The eviction case will typically ONLY name the former owner as the Defendant, hopefully tricking the tenant into believing that this is none of their business and therefore doing nothing. However, there is a paper buried in the batch called a “Prejudgment Claim of Right to Possession” saying that if YOU claim a right to possession [such as under the PTFA to get 90 days’ notice, etc], you MUST fill out and file this paper within 10 calendar days or forever forfeiture your right to defend yourself. The bank is not required to put that paper on top, so you see it is for you to read. You have to snoop into the paperwork against your general morals, in order to discovery this page, realize that it is intended for YOU, and thereby take action. Actually, if you file it AFTER the 10 days, but the bank has not already taken the default of “all occupants,” you can still file that notice. Within 5 calendar days after that, you have to file your first paper to fight the case; if you forget to to do that, you lost [although you COULD undo that, it’s most expensive to do]. If you don’t file a response, and the former owner doesn’t fight it, as they often don’t, the bank takes a default judgment and the Sheriff removes you and everyone else in short order.
Of course, I’m prepared for each of these things, if only you can get to me as early as possible. Catching the other side in their mistakes is what gets you more time, makes the eviction more risky and costly for them, and ultimately gives you more leverage in the end, because they have been wrong all along, and only thought they could get away from it. It is quiet common for such a case to settle when after you’ve lived there for months without paying a dime, and the bank gives up any money claim, agrees to seal the case, and pays you [$5,000 or more!] just to move in 60 more days. To them, it’s cheaper than losing the case and having to start all over again. They’re not doing it out of the goodness of their hearts. You put them in that position. That’s your power.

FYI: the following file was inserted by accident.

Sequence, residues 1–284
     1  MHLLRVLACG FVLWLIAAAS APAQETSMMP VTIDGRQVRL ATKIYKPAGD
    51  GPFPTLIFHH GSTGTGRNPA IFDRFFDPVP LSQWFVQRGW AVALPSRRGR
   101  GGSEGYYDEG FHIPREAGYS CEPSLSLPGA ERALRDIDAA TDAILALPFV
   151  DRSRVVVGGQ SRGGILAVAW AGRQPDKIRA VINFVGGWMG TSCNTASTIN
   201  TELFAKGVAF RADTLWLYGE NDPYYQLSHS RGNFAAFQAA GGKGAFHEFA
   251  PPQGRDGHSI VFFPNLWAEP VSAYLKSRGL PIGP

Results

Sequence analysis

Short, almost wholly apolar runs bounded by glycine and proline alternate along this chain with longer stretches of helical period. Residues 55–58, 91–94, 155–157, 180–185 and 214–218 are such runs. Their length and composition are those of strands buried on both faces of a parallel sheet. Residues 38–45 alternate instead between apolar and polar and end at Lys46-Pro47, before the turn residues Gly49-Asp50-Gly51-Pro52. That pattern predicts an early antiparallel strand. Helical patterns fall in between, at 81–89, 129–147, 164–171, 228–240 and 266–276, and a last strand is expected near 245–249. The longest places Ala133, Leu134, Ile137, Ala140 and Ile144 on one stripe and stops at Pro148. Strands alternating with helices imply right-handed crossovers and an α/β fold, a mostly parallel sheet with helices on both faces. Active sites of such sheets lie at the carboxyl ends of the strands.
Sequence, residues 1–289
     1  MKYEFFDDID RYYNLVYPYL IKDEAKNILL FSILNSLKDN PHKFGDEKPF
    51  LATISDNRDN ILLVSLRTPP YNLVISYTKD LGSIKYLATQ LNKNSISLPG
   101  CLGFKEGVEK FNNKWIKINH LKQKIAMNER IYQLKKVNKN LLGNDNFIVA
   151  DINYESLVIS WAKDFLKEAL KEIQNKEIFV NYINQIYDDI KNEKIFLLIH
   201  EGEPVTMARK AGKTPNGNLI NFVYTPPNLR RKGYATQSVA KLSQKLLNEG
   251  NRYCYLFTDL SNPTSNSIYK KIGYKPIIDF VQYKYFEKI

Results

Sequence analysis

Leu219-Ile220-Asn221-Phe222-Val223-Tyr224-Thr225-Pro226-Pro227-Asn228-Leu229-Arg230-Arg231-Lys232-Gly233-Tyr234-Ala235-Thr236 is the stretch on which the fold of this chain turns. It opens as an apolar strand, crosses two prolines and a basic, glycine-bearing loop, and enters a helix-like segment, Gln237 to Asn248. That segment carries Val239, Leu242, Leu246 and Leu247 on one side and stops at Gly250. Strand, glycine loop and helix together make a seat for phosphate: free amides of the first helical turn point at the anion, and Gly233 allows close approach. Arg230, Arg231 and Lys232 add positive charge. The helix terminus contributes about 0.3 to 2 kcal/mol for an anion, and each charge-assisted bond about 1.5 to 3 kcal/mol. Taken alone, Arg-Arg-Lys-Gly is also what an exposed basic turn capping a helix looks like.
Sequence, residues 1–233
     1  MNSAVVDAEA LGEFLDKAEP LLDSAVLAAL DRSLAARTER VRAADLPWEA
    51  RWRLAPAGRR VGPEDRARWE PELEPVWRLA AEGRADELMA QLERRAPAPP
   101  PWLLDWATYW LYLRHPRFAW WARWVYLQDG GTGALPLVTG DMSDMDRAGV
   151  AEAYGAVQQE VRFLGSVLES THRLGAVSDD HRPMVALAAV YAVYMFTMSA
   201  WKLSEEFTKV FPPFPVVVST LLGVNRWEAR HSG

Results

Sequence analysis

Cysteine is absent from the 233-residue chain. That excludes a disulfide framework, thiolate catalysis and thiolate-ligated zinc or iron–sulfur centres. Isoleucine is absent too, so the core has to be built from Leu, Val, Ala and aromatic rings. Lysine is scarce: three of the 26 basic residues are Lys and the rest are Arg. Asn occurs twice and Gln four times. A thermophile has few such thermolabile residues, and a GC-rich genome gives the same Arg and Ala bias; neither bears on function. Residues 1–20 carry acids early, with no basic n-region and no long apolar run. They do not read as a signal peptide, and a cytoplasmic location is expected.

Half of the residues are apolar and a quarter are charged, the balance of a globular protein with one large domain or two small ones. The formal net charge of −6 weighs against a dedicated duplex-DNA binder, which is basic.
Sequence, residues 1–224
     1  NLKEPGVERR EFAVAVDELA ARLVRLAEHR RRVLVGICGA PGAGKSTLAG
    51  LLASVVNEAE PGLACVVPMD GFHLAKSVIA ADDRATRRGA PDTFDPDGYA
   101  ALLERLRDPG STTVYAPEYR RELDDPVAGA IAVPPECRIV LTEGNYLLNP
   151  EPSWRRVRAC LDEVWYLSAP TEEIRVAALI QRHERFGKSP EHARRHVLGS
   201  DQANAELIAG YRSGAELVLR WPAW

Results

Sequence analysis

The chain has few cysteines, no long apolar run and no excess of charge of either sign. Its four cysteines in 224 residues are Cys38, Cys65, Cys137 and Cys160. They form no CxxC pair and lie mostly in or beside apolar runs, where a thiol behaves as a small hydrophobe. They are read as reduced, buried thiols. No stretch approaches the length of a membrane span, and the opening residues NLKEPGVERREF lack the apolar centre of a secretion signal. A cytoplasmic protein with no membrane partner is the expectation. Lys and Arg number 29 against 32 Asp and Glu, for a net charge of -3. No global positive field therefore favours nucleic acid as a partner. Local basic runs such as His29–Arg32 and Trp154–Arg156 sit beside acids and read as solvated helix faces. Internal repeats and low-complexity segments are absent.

Occasionally, a bank will offer “cash for keys,” where they tender you some money to move out without a fuss. Sounds good up front, but what if you move and they don’t pay you? Even agreements looking like they promise payment can be invalidated by having you sign, but they don’t, or by having someone sign who doesn’t have authority, or can’t be found later, or not giving you a copy. The real zinger for tenants of the former landlord is that you sign off your rights in exchange for the money. What rights? You have the right to get your full security deposit back from the bank, because it is the new owner and the current owner owes you your deposit, even if they never got it from the old owner. [The exception is where the former landlord pays you the full deposit beforehand.] The “cash” that you’re getting is almost always less than the full security deposit, so that you give up the two birds in your hand for the one in the bush, and it may fly away. The bank has the obligation to pay you the full deposit, not just a part, so your “cash for keys” agreement has you giving up the rest of your deposit, and then you have to find your former landlord, who may very well have filed bankruptcy. All that glitters is not gold.